3. Yes, you have free speech, but only so far: People throw around free speech claims all the time or claim certain ‘authority’ in their ability to do whatever they want online, but you can still be held accountable because there are a variety of laws. In other words, the first amendment or, say, the terms of service with YouTube are not the end-all-be-all to your legal protections. Because really, if it were, would there be so many lawyers in the world? I think not.

4. Protect yourself: This is a very volitle time, legally, in the world of social media, but it doesn’t mean you have to be exposed. Reach out to your local insurance agent and see about purchasing liability insurance. It can range from $200 a year to $1000+ a year, which depends on your blogging exposure, your own personal assets, and what kind of coverage you want. All in all, anyone can sue anybody these days. A liability policy, at a minimum, would cover the cost of a lawyer to defend a claim, whether it is a legitimate claim or not.

All in all, this case is interesting because of the continual changes it (and other cases) will have in the realm of social media. What we do today will shape the online world for our kids and grandkids. Personally, I want to a more active role in shaping it, rather than it shaping me. If you are in social media and want to be in it too, it is going to be a bumpy ride. But as pioneers, it is expected. Buckle up.


Disclosure: While I am a lawyer, I am not your lawyer. Nor should this post be construed as providing legal advice, legal claims or legal opinions in any form or on any matter. Furthermore, I received no compensation for this post.

Image Credit: sqback via stock.xchng.com

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  1. Hmmm… I don’t believe that bloggers, by definition, can’t be journalists. Nor do I believe that bloggers, by definition, are journalists. I think it’s the approach you take to your content that determines whether or not you are a journalist. The blog is simply a medium for expression. It’s how you use the medium that defines you. It’s like being a “painter.” Do you paint houses? Portraits? Toys? Fingernails (ok, that’s a stretch)? Cars? They all use paint, but they don’t all have the same skills, qualifications or results. The challenge is that we keep trying group everyone together based on the medium without there being any restrictions in place to control the medium.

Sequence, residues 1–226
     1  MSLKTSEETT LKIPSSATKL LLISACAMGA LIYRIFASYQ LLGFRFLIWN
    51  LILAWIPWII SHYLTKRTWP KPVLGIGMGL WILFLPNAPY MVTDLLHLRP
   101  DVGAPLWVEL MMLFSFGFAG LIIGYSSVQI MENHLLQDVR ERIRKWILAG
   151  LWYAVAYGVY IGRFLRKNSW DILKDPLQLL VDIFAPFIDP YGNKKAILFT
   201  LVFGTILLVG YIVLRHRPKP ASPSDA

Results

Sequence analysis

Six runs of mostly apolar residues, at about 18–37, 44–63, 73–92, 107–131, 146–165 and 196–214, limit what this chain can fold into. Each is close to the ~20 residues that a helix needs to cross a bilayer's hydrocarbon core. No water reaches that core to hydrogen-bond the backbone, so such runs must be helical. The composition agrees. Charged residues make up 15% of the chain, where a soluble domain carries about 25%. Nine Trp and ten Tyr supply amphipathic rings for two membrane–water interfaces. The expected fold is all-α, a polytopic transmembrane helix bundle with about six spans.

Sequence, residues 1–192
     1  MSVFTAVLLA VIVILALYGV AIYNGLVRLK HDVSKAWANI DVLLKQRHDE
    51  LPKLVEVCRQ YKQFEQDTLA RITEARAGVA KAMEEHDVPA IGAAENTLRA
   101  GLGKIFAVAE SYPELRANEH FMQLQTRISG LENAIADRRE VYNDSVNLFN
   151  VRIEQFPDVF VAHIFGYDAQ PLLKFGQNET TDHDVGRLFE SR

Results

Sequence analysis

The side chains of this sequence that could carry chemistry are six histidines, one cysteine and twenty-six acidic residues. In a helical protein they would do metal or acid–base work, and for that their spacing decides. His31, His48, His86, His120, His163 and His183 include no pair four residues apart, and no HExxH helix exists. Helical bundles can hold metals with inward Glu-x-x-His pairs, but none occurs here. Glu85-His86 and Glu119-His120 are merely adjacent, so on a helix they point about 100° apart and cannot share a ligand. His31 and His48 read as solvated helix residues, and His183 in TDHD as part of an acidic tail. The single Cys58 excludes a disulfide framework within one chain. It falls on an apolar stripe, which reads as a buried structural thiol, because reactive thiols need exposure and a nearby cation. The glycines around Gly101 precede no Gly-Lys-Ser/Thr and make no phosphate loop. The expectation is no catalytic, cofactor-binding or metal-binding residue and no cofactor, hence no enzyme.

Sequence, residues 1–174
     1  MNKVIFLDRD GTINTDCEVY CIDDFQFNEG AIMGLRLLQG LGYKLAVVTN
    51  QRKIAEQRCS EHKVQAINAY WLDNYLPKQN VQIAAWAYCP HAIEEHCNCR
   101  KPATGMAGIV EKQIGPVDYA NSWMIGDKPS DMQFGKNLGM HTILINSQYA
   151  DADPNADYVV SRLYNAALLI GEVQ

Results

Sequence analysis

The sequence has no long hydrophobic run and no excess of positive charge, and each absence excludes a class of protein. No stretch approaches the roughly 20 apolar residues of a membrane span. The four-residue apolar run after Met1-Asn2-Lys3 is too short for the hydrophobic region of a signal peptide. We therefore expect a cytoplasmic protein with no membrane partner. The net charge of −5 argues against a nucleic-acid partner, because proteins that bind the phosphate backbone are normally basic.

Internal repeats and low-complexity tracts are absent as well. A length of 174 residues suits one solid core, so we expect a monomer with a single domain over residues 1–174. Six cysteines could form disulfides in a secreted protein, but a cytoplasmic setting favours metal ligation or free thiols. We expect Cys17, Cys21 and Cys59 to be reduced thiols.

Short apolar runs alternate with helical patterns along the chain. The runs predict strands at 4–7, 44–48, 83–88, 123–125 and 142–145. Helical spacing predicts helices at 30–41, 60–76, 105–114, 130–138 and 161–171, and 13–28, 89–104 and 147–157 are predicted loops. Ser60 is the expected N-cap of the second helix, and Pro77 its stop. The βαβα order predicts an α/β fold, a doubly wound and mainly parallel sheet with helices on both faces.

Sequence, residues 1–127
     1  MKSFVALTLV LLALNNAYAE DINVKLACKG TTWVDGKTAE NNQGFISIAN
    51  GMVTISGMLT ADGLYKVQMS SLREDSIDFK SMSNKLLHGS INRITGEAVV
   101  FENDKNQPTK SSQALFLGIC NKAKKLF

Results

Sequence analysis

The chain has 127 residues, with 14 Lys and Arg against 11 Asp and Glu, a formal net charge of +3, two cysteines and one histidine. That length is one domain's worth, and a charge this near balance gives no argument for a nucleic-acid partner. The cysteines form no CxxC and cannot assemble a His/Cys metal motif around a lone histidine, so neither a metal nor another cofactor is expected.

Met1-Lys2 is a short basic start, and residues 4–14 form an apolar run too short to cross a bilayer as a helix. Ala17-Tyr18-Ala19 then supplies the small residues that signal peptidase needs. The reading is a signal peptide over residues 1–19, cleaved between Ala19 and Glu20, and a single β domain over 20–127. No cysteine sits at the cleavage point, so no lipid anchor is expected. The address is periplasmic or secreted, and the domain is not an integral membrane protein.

What I do agree with wholeheartedly is that you “can’t have it both ways.” If you want to be treated like a journalist, you have to adopt a set of ethics, treat your content and your site with respect, check your facts and your spelling, and behave in a professional manner. It’s something I’m striving for on at least two of my blogs, although I don’t always achieve it!

  2. Great post, Charlene. I know everyone was very outraged at not being called “journalists,” but only a small percentage of bloggers really function as journalists and I doubt they’d have much trouble getting that recognition.

    Plus, this is really an extreme case where a blogger worked with the seeming sole purpose of creating negative content against a particular company. Obviously it’s not a typical blog. But I’d never dream of calling my blog “journalism” and I doubt most of us would.

    Now, if we start writing for Pro Publica, that would be another story.

  3. Thanks Jessica. Yes, this was a very particular case so many bloggers shouldn’t be too worried, but it is interesting to see the rise in legal claims against Bloggers now. Inevitable with all growth!

  4. Totally agree. Even the basic dictionary definition shows how Bloggers aren’t Journalists. Let alone the facts of the case showing how the Judge showed the difference between a Blogger and a Journalist. Basic knowledge most of us know from school. From a legal perspective, it is interesting to see how Bloggers will be treated in the legal system in the future since it really is a new ‘class’ of people and writing. (And p.s. – you do a great job!)

  5. I would rather not be considered a journalist and be safe under the current lack of laws surrounding the blogging world. I’m sure in 5 years from now there will be more restrictions on what we post.

  6. Emily. So true! It is amazing how many rules have been implemented for bloggers just in the past 2 years alone. FTC disclosures, can’t run contests on Facebook, can’t require people to like you on Facebook for a contest entry, #spon hashtag when you have a sponsored tweet. The list is growing.